The Answers Lie Within Me

The end “food goal” when it comes to my recovery is to be able to feed myself intuitively. Your end goal may be different, but I do not feel like being held back through the rigid barriers of a meal plan is healthy for me in the long term. Many others have this same goal and “intuitive eating” is a phrase thrown around left and right in the recovery community.

If you suffer from an eating disorder, I am sure that you know that it is “not all about the food”. It’s a coping mechanism that affects so many parts of our lives. Intuitive eating is not something that I am actively trying right now, but I am still able to practice being more intuitive in other aspects of my life. Being more intuitive and trusting my gut has helped me reconnect with my hunger/fullness cues, and I believe is putting me in a closer spot to being able to escape into the freedom from ED rules that I so strongly desire.

In IOP, on my blog, and on Instagram I see these beautiful souls asking questions right and left about what others think they “should” be doing. I’m sure you’ve seen these: How many calories did you eat to restore weight? Is it disordered it I count macros? Would it be a behavior if I went to yoga tonight? And maybe you’ve asked some of these questions too. I know I have, especially early on in my recovery. I still do ask them. I’m starting to learn, however, that the answers lie within me. Only I know if eating Arctic Zero is a behavior. Only I know if meal planning ahead of time is disordered. Because everyone’s eating disorder is different. Eating disorder rules vary SO much person to person, so naturally everyone’s recovery looks different.

The best part that I have found in trusting my intuition, is that I no longer feel like I have to worry about everyone else: I am taking care of me. Or at least, I’m trying to, because I do give into my eating disorder sometimes. And I know that when I do give in, I get this sick/guilty feeling that I went against what I know is healthy for me right now. As long as I focus on what my gut is telling me, it doesn’t matter if so-and-so is running 4 miles 6 days a week or if what’s-his-name is eating amount of macros. Regardless, I do get so jealous when I see people doing things that I know are behaviors for me.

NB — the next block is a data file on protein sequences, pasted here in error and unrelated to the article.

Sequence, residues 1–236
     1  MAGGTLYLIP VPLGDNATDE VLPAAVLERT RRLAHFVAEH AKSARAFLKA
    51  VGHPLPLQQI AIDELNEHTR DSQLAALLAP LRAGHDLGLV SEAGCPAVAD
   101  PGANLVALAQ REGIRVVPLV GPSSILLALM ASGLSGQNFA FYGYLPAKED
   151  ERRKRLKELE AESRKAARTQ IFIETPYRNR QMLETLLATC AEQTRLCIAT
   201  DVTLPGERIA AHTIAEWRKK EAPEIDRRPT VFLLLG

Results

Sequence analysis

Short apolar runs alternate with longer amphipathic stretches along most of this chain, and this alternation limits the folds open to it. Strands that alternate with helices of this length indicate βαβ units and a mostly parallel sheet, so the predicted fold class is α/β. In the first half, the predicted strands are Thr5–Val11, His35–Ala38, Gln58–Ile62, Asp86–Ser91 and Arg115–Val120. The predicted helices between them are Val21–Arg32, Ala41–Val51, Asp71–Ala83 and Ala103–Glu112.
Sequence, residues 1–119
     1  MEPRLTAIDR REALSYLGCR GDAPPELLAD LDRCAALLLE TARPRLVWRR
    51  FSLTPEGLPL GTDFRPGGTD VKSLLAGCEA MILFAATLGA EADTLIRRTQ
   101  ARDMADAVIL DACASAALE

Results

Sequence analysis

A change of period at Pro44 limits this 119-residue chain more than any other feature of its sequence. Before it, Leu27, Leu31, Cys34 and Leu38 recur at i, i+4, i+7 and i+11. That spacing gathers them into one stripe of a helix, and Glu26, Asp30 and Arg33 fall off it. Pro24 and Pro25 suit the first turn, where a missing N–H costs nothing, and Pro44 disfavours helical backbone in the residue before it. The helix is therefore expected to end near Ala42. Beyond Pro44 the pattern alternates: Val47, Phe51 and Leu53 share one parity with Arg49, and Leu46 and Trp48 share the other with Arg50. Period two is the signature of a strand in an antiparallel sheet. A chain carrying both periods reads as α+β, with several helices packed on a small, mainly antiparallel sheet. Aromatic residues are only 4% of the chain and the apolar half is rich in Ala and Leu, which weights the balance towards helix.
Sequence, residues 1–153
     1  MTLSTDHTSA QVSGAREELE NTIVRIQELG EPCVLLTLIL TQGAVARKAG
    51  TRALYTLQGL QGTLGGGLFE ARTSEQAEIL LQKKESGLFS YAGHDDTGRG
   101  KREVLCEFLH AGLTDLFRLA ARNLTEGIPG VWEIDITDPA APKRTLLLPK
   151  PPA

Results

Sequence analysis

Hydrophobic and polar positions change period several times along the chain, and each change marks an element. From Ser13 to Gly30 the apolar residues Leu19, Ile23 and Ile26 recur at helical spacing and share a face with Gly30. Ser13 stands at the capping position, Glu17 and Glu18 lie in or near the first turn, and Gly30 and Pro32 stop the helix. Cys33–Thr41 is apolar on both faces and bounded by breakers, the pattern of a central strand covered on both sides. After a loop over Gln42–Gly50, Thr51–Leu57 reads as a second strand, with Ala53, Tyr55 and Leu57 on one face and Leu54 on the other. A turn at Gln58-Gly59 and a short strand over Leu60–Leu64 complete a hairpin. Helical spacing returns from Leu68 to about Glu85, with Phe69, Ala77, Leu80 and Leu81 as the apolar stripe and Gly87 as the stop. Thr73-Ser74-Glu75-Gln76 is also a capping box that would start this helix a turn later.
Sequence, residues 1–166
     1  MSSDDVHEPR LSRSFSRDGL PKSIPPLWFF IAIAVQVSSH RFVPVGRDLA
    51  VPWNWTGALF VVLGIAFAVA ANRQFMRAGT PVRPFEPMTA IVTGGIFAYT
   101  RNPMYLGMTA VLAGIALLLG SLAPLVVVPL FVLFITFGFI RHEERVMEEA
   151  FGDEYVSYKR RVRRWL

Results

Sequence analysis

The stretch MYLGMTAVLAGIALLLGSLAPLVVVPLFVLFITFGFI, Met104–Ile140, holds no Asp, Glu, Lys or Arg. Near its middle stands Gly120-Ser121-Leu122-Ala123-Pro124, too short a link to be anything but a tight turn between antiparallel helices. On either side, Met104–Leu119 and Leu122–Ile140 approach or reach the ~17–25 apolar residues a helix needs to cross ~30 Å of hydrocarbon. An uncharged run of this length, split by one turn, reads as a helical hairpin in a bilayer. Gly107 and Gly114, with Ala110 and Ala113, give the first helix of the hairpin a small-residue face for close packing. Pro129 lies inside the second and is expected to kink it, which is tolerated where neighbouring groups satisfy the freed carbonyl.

But at the end of the day, I trust that I know what is healthy for me. I can choose to go against that, too. And I still mess up every day. I have an intuition, and I am also human.

Everyone has an intuition. It may be quiet, it may be hard to trust right now. But it is there. And it is beautiful. The next time you find yourself wanting to seek advice from others, I challenge you to stop and ask yourself first. Because chances are, you probably already know the answer.

¹: Sullivan, P. (2002). Course and outcome of anorexia nervosa and bulimia nervosa. In Fairburn, C. G. & Brownell, K. D. (Eds.). Eating Disorders and Obesity (pp. 226-232). New York, New York: Guilford.
²:Hudson, J. I., Hiripi, E., Pope, H. G. & Kessler, R. C. (2007). The Prevalence and Correlates of Eating Disorders in the National Comorbidity Survey Replication. Biological Psychiatry, 61(3), 348-358.

tumblr_m1ztw4l0ZB1rp5kb4o1_500

A Cliff Notes Version of Escaping Rock Bottom

So what happens when you get stuck?  We’ve all had those moments of feeling completely defeated.  It doesn’t matter whether you’re suffering from an eating disorder, or whether you simply feel lost and directionless in your life.  Whether you’re struggling to get back on track after a relapse, or whether you’re simply just drained- emotionally, physically, mentally, whatever it may be.  You feel, for one reason or another, like you’ve hit rock bottom.  You’re at the foot of a wall, and you can’t figure out quite how to scale it.

It sucks.

And we’ve all been there.

One of the things you notice, especially in an ED recovery world, is that many times people fall.  A recovery that is relapse free is a rarity, not a norm.  It’s normal to struggle.  The defining part is what you decide to do when you find yourself once again back at the bottom of the Totem pole.  The amount of times I’ve seen cries out into the blogosphere, after extended periods of inactivity, saying, “I don’t know what to do!  I feel so defeated, so enchained once again in the ED grasp!  Therapy isn’t working for me, I’m scared to start eating normally again, and all I can see when I look at myself is huge.”… yeah, it’s more than I can count.  And my heart bleeds every time I see this.  I’ve been there.  I know what it’s like.

For me, relapse was worse, or at least harder MENTALLY, than the first time around.  When you enter recovery for the first time, it’s kind of a Chucky version of sunshine, lollipops, and rainbows.  Yes, you’re terrified, but you don’t know what comes out of recovery because you’ve never been through it.  You get to the point where the professionals take everything out of your hands, and you have this obscure promise of normalcy.  Something like, “Oh thank God, they’re going to show me how to eat, exercise, AND be normal, AND maintain my weight, AND not go through this hell ever again.  And then I’ll be able to leave it all behind me.”